8:55 a.m. — A Port Authority employee announces over the South Tower public address system that the tower is secure, and "there is no need to evacuate Building Two. If you are in the midst of evacuation, you may use the reentry doors and the elevators to return to your office. Repeat, Building Two is secure.”
8:59 a.m. — An evacuation is ordered of the World Trade Center.
9:03 a.m. — Five hijackers crash United Airlines Flight 175 into floors 77 through 85 of 2 World Trade Center (South Tower), killing the 51 passengers and nine crew members onboard the aircraft and an unknown number of people inside the building. The impact renders two of the three emergency stairwells impassable and severs most of the elevator cables in this area, trapping many above the impact zone and inside elevator cars. Shortly after hijacked Flight 175 strikes the South Tower, some workers in the building jump or fall to their deaths, a phenomenon already witnessed after the attack on the North Tower. Estimates of the number of people who die as a result of falling from the Twin Towers range from 50 to more than 200.
In addition to requesting the shutdown of airspace over New York City, the New York City Police Department (NYPD) calls for a second Level 4 mobilization, bringing its total deployment to nearly 2,000 officers. FDNY issues a fifth alarm for the South Tower, deploying several hundred additional firefighters to the disaster. Additional companies and off-duty personnel from across the metropolitan area travel to the scene.
9:05 a.m. — President Bush is informed of the second plane crash by chief of staff Andrew Card. New York City Mayor Rudy Giuliani arrives at the NYPD command post near the World Trade Center.
9:30 a.m. — Bush makes a statement, calling the attacks “a national tragedy ... Terrorism against our nation will not stand.”
9:35 a.m. — Bush and his staff depart the elementary school to Sarasota Bradenton International Airport to board Air Force One, without a clear destination in mind.
9:36 a.m. — U.S. Secret Service agents evacuate Vice President Dick Cheney to the presidential emergency operations center beneath the White House.
9:37 a.m. — Five hijackers crash American Airlines Flight 77 into the Pentagon, killing 53 passengers and six crew members. The crash and the resulting fire will kill 125 more military and civilian personnel.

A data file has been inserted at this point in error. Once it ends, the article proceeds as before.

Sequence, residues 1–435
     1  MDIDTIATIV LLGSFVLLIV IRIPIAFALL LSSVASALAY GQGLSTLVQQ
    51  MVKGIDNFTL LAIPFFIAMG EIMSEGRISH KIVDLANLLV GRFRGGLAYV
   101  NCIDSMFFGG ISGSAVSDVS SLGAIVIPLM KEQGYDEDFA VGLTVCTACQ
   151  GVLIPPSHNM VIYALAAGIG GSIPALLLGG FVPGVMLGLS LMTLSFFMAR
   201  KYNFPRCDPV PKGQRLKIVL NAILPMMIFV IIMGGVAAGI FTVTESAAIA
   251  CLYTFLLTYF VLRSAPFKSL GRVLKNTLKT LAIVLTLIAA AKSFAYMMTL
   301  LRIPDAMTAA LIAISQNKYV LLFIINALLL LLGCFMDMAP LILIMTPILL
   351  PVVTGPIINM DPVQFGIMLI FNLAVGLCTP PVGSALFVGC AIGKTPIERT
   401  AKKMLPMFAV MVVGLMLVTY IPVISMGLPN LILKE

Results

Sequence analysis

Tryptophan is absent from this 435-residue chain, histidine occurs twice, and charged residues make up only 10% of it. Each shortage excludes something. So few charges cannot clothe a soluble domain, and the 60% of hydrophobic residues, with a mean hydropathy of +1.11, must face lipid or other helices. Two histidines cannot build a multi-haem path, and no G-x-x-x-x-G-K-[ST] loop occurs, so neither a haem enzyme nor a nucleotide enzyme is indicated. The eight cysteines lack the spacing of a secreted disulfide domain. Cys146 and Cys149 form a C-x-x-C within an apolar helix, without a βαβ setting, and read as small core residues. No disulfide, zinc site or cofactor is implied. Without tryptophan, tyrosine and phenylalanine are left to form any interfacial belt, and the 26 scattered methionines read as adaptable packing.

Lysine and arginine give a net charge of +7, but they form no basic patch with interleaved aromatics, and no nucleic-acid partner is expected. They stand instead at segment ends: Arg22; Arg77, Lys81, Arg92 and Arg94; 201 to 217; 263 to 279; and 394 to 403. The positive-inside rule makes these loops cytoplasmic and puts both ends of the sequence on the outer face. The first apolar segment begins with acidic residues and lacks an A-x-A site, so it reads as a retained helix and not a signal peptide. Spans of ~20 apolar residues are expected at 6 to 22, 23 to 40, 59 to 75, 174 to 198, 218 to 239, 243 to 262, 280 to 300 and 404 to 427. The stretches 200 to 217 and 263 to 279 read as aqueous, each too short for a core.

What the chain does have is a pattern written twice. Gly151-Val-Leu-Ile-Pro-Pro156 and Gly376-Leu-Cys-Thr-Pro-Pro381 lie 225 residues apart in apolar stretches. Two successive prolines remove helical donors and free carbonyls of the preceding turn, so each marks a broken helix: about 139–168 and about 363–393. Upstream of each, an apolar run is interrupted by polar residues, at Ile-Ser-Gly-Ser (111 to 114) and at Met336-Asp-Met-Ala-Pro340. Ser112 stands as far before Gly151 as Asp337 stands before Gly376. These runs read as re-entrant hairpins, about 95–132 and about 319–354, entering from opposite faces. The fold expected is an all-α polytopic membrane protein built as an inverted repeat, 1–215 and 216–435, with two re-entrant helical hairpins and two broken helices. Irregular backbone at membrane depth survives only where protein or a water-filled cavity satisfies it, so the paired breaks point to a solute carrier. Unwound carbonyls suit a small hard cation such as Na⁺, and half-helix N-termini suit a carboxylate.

9:42 a.m. — The FAA grounds all flights.
9:45 a.m. — Evacuations begin at the White House and on Capitol Hill.
9:58 a.m. — Thirty-seven telephone calls are known to have been made from Flight 93, most placed from the rear of the plane. One of the last calls is made by passenger Edward P. Felt, who uses his cellphone to dial 911 after closing himself in a restroom to avoid detection. By 9:58 a.m., Flight 93 is flying so low he succeeds in reaching an emergency operator in Westmoreland County, Pennsylvania.
9:59 a.m. — After burning for 56 minutes, the World Trade Center’s South Tower collapses. More than 800 civilians and fire and rescue personnel are killed.
10:03 a.m. — Four hijackers crash Flight 93 in a field near Shanksville, Pennsylvania, after passengers and crew storm the cockpit. The 33 passengers and seven crew members on board perish. The crash site is about 20 minutes’ flying time from Washington.
10:15 a.m. — The Pentagon’s E-ring collapses.
10:28 a.m. — After burning for 102 minutes, the World Trade Center’s North Tower collapses. More than 1,600 people are killed.
11:02 a.m. — Mayor Giuliani orders the evacuation of Lower Manhattan. Giuliani and senior members of his administration find temporary shelter inside an office building close by. As the dust begins to settle, they walk north, intent on establishing a new base of operations for city government. Reporters catch up with the mayor, who urges the public at 11:02 a.m. to evacuate Lower Manhattan. He will continue to address the public in briefings at temporary headquarters at the New York City Police Academy throughout the day.
11:45 a.m. — Air Force One lands at Barksdale Air Force Base in Louisiana.
12:30 p.m. — Fourteen survivors are located in the ruins of North Tower’s stairwell B.
2:16 p.m. — U.S. airspace is closed. More than 4,000 commercial and general aviation planes have landed, leaving thousands of passengers stranded.
2:50 p.m. — Air Force One lands at Offutt Air Force Base in Nebraska. President Bush will later return to Washington that evening, landing at Andrews Air Force Base and taking a helicopter to the White House.
3 p.m. — FDNY rescues a survivor at the World Trade Center site.
5:20 p.m. — 7 World Trade Center collapses.
8:30 p.m. — President Bush addresses the nation from the White House.
10:30 p.m. — Rescue workers locate trapped PAPD Officer William Jimeno and PAPD Sgt. John McLoughlin, injured but alive in the debris of the World Trade Center. Workers will extricate the 18th survivor, Genelle Guzman, on the afternoon of Sept. 12. She will be the last person rescued.
Source: 9/11 Memorial
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Credit: Jason Getz / Jason.Getz@ajc.com